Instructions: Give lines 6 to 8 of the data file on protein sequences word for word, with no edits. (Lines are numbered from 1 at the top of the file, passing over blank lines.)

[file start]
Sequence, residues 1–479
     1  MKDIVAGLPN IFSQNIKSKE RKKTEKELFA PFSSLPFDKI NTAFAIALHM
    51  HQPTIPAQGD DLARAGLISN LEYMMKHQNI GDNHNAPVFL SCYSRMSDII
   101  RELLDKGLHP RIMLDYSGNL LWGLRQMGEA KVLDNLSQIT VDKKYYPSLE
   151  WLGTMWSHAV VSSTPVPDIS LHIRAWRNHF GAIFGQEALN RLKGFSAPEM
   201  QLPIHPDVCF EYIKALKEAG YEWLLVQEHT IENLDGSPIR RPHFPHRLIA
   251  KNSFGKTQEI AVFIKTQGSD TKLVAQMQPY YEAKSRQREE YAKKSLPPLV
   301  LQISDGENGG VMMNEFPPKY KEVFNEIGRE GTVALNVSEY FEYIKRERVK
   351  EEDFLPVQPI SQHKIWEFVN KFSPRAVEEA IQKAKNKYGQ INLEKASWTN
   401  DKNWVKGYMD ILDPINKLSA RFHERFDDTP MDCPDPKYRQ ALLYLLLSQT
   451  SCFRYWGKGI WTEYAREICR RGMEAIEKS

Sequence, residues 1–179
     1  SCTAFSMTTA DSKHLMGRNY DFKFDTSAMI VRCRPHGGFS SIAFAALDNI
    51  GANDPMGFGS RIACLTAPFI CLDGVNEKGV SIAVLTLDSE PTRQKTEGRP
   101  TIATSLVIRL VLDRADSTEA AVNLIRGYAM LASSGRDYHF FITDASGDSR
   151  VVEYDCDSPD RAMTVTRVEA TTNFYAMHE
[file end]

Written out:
   201  QLPIHPDVCF EYIKALKEAG YEWLLVQEHT IENLDGSPIR RPHFPHRLIA
   251  KNSFGKTQEI AVFIKTQGSD TKLVAQMQPY YEAKSRQREE YAKKSLPPLV
   301  LQISDGENGG VMMNEFPPKY KEVFNEIGRE GTVALNVSEY FEYIKRERVK